As we head back into the 2020-2021 school year during a global pandemic, we are facing hurdles we have never had to consider before. Chances are, you and your family are feeling anxious, fearful, or out of control.
As parents, we want to know that we are giving our children the very best education possible, and these very real fears and anxieties can be overwhelming. Will my kids fall behind in achievement? Will their social anxiety increase with lack of interactions? How can we create patterns in our home so we aren’t living in actual chaos? How can we support our kids without losing control ourselves?
According to a 2020 Deloitte study, 79% of students received digital learning content provided by their school this past spring, 56% of parents were satisfied with the education their kids received, and 66% of parents are anxious about their kids going back to school.
Now that we know we will be in either hybrid or fully remote learning this year, we can start planning on how best to cope, learn, and achieve.
Our goal as your mental health partner is to help you create daily patterns to rein in the chaos of learning and working from home. We want to give you tools and ideas for building and maintaining relationships for you and your kids during distance learning, and help you and your kids to manage grief for the loss of some vital experiences during these formative years. Finally, we hope to give you tools to help manage worry and anxiety in yourself and your children as you navigate back-to-school challenges with your family.
One powerful way to keep yourself grounded is to create a flexible pattern to follow every day. Rigid schedules can actually feel limiting and increase stress if a day doesn’t go to plan.
Creating flexible patterns in your life can be simple things that can give you a sense of normalcy and something to look forward to during the day. It can be very simple: maybe you want to keep a gratitude journal this year, or make sure you get 30 minutes of exercise in before lunch, or hey – when school lets out, bust out the lemonade and fancy glassware for a family “happy hour” to celebrate making it through another day.
Let’s face it: distance learning, and staying at home,can be isolating. For some people staying at home has actually been a positive experience. If you are a parent and are concerned about how staying at home has affected you or your child, here are some things to consider:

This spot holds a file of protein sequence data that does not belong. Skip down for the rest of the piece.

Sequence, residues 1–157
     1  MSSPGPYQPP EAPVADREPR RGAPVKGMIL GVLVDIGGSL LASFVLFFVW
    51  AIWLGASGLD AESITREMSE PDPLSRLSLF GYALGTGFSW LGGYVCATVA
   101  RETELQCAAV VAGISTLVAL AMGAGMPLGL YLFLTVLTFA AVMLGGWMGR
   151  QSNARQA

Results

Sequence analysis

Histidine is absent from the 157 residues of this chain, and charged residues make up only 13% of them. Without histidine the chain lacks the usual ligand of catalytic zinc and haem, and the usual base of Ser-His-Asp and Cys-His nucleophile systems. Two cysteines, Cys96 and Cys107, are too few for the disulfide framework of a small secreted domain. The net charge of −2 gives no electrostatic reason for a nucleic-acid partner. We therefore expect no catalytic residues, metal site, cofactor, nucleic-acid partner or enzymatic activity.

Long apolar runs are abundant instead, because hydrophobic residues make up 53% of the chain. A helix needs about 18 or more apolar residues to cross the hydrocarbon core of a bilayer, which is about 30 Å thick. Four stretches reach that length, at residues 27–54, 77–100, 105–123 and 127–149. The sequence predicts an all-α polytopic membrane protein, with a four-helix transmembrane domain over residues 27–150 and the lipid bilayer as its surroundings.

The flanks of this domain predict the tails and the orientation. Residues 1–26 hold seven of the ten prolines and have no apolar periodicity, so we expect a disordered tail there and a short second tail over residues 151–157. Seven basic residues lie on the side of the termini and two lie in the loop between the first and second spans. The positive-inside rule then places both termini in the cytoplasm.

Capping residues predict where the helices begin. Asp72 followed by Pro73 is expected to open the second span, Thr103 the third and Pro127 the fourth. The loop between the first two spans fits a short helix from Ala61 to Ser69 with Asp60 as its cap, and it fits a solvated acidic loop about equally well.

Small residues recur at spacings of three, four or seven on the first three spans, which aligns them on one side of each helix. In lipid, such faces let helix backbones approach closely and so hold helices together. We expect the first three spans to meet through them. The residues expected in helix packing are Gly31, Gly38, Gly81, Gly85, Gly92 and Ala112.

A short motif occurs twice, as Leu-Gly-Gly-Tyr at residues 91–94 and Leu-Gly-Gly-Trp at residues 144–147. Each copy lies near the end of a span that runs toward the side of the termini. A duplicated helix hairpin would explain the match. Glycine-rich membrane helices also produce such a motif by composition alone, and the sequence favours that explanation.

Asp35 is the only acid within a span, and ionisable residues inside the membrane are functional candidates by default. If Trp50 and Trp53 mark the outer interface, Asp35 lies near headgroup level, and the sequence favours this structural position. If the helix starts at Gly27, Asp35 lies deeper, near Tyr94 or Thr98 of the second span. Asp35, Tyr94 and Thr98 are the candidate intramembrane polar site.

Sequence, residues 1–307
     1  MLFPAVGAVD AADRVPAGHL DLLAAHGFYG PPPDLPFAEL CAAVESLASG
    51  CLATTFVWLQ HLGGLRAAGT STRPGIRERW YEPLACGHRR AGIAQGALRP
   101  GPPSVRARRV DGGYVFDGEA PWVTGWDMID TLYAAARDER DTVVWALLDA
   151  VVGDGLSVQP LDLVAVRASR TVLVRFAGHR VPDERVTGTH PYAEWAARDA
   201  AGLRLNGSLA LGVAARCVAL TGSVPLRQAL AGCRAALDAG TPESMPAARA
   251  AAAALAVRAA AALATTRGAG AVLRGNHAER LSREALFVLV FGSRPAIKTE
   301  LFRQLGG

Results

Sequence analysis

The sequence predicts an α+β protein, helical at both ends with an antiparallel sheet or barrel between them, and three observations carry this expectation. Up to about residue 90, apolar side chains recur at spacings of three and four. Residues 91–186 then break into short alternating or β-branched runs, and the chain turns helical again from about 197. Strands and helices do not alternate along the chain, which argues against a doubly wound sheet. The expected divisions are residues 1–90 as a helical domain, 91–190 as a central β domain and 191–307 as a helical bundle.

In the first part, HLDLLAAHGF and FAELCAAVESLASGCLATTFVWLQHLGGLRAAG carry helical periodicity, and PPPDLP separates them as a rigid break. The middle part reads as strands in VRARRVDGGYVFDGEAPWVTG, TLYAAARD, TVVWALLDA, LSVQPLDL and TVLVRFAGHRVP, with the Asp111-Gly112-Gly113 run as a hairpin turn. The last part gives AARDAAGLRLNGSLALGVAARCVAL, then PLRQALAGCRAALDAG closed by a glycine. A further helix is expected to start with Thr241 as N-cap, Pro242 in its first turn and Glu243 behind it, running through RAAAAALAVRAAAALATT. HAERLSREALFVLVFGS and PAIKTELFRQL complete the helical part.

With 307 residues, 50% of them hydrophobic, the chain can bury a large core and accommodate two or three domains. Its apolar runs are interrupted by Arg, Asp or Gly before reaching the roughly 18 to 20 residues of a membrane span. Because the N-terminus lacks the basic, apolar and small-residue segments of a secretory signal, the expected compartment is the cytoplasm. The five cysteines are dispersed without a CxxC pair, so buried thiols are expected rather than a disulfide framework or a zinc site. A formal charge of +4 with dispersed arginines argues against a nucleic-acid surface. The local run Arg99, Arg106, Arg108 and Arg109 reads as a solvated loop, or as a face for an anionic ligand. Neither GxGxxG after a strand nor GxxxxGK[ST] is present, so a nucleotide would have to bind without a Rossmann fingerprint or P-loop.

Don’t dwell on what we can’t do – there are still plenty of ways we can be kind to our neighbors and families and make sure we see other faces from a safe distance! Bake your neighbor some cookies and chat on the porch for 5 minutes, call grandma, or visit a friend through their window. Even letter writing is a great way to practice socialization and keep up relationships you can’t see in person.
It’s especially important to keep our kids practicing these small acts of socialization every day during this pandemic since they aren’t getting the practice they normally get during school, sports practices, and other extracurriculars.
There is power in naming what you are feeling as grief. Allow yourself and your kids to acknowledge how you feel, and give yourself five minutes to really feel the feeling. This is the first step, and it is very powerful. Now keep going. Let the feelings move through you and find yourself in what comes next.
One thing to do to battle the grief is to not skip celebrating the milestones. Whenever possible, throw a digital party, celebrate big with decorations and everything, even if it’s just your family there. Invite others online to join in video calls. This year is not cancelled, it just looks way different from normal.
Worrying is part of the process of living. We have a lot of worries right now, and if you’re paying attention, new worries can be added daily! Some worries are actually helpful and give us an action we can do to help the situation. Sometimes worry is excessive and can get in the way of living well. When excessive worry becomes a heavier burden, it can manifest physically and become anxiety.
In order to avoid dwelling in worry all day, you can learn to postpone your “worry time” to a dedicated part of the day. Give yourself 20 minutes at the same time each day to gather your worries, write them down, and what type of worry it is. Often, simply dedicating specific time to, and writing down, our worries diffuses them significantly.
Breathwork is an active form of meditation and can help us bring our bodies back from a state of anxiety. Changing our breath pattern actually disrupts the “fight or flight” mode in our brain and brings us back to a sense of safety.
Try it! Belly breathing: Sit on the edge of a chair or the floor. Place one hand on your chest and one hand below your rib cage. Slowly inhale through your nose and feel your belly rise with your breath. Exhale through your mouth. Notice that your hand on your chest does not move, but the hand on your belly rises and falls with the breath. Repeat 15-20 times, up to 5 minutes.
We hope that these tips will help you and your family as you head back to school this pandemic year. Remember that what we are doing is hard, but it isn’t permanent. You can do this.
At Life Insight, we want to support you in any way you need this year. Don’t hesitate to reach out to schedule time with one of our therapists if you need additional support or want to learn more about any of the things we discussed today. We are just a call away.